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Streetwear-meets-luxury has continued to burn itself into the history of contemporary fashion in recent weeks, whether through Virgil Abloh’s latest collection for Louis Vuitton or the agreement between LVMH and Aimé Leon Dore. Everything points to the fact that the death of streetwear is not going to be validated. At least for the time being.

Virgil Abloh’s latest runway show for LV is sparking debate about how to manage the legacy of a creative genius who raised streetwear to the pinnacle of luxury. And although Vuitton CEO Michael Burke declared that the appointment of a successor would take time, what is clear is that the decision will be entirely conditioned by Abloh’s legacy; and by the continuation of the brand’s timeless foray into streetwear.

Beyond the catwalk, the growing importance of streetwear in the luxury sector has moved to LVMH and the acquisition of a minority stake in Teddy Santis’ streetwear label, Aimé Leon Dore. On the same day, Swiss brand Bally appointed Rhude founder Rhuigi Villaseñor as its new creative director. Everything is heading in the same direction.

But who have really been the agents of this change? The new generations of consumers who grew up drinking from hip-hop or skate culture, and who now fuse Carhartt and Prada in the same look. In fact, the millennial and Z generations were and continue to be the driving force behind the rise of luxury. Moreover, it is estimated that by 2025 they will account for 45% of total luxury spending.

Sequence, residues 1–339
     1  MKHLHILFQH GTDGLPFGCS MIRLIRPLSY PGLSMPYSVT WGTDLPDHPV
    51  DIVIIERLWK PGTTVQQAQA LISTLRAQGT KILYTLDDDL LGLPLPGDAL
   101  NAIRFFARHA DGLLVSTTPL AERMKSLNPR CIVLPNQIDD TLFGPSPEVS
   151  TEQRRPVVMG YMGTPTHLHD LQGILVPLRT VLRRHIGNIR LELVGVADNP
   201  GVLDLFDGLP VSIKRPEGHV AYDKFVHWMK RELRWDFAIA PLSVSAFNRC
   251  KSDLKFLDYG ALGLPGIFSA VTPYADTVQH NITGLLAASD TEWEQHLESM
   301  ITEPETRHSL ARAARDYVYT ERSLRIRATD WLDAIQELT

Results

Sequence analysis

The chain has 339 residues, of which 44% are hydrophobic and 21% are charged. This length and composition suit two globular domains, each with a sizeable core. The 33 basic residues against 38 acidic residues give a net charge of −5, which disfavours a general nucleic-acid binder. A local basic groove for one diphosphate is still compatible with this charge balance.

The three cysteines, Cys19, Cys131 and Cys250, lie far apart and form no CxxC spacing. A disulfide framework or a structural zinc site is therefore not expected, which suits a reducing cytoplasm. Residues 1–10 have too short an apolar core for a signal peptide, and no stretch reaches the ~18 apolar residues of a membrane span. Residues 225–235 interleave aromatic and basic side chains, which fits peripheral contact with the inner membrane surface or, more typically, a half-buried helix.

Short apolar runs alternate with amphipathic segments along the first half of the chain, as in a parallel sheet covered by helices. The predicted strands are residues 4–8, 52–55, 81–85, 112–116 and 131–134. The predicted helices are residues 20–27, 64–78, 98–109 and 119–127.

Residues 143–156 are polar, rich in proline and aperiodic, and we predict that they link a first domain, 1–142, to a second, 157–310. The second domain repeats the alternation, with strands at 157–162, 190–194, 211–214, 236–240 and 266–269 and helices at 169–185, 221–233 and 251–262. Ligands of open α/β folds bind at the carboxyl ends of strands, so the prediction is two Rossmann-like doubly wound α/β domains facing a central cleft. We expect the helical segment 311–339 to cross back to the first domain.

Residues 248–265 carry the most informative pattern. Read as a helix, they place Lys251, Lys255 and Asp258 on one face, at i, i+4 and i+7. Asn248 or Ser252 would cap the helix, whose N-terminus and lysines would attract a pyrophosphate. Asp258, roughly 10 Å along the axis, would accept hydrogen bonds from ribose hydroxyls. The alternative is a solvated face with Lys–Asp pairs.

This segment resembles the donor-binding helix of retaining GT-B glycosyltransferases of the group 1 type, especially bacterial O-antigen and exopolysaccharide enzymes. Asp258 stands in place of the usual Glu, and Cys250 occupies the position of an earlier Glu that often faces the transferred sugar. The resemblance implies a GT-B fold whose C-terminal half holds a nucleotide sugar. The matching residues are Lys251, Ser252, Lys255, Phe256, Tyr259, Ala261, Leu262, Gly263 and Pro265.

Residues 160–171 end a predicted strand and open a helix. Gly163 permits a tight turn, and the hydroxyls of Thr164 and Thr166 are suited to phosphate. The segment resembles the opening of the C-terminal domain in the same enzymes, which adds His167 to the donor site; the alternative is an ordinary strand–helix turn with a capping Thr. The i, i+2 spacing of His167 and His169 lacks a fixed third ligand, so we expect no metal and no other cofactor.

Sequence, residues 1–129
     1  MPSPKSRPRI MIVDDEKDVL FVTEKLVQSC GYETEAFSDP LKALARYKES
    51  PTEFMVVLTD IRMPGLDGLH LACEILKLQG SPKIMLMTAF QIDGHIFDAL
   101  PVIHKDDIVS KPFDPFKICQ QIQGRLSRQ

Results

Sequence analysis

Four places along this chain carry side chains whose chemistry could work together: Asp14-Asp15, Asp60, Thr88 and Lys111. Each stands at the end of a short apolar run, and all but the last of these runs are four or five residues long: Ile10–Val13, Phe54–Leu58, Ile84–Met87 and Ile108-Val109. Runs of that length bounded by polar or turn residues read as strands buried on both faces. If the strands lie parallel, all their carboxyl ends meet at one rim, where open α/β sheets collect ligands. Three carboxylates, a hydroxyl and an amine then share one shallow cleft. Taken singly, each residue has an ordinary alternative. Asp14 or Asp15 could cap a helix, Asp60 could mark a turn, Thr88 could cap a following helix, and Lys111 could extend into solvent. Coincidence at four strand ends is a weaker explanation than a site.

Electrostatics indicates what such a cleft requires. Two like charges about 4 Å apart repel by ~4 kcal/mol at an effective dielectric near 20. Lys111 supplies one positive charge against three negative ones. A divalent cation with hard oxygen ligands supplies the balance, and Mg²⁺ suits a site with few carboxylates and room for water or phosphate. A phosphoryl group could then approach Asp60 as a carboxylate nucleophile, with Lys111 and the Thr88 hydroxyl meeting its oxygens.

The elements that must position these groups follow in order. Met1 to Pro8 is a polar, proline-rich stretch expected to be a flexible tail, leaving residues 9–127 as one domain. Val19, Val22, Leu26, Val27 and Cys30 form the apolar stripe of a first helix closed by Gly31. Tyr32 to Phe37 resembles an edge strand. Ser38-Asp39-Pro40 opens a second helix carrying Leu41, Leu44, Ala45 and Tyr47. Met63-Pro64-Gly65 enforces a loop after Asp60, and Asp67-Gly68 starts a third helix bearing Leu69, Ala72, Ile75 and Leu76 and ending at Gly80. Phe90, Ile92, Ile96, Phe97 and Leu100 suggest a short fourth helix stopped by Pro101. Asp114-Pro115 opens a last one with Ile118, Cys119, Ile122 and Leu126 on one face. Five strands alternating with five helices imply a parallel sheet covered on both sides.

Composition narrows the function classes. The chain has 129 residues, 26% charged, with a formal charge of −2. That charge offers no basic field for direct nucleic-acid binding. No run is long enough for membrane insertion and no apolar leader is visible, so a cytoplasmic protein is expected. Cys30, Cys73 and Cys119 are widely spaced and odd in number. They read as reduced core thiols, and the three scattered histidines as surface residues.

Streetwear has introduced a series of sales and marketing strategies into the luxury market that has subverted its business model. From product drops, generating hype and expectation, in tune with the hyper-accelerated era of the modern age, to the creation of communities in which to belong.


Over the last few years, we’ve seen how a luxury monogrammed sweatshirt from a streetwear designer could sell for more than a brand’s tailored suit. Something that has contributed to the spirit of renewal that has made the monograms, which had been relegated to the background, now have more life than ever. The logo is now not only a symbol of status and/or wealth, it is an expression of tribal identity.

In this sense, figures such as Virgil Abloh have represented the logo as a badge of inclusivity, of belonging to a community. It is because of all this and much more that streetwear could one day become as important to the luxury business as the beauty sector, which followed suit. Let’s wait for the future to solve that enigma.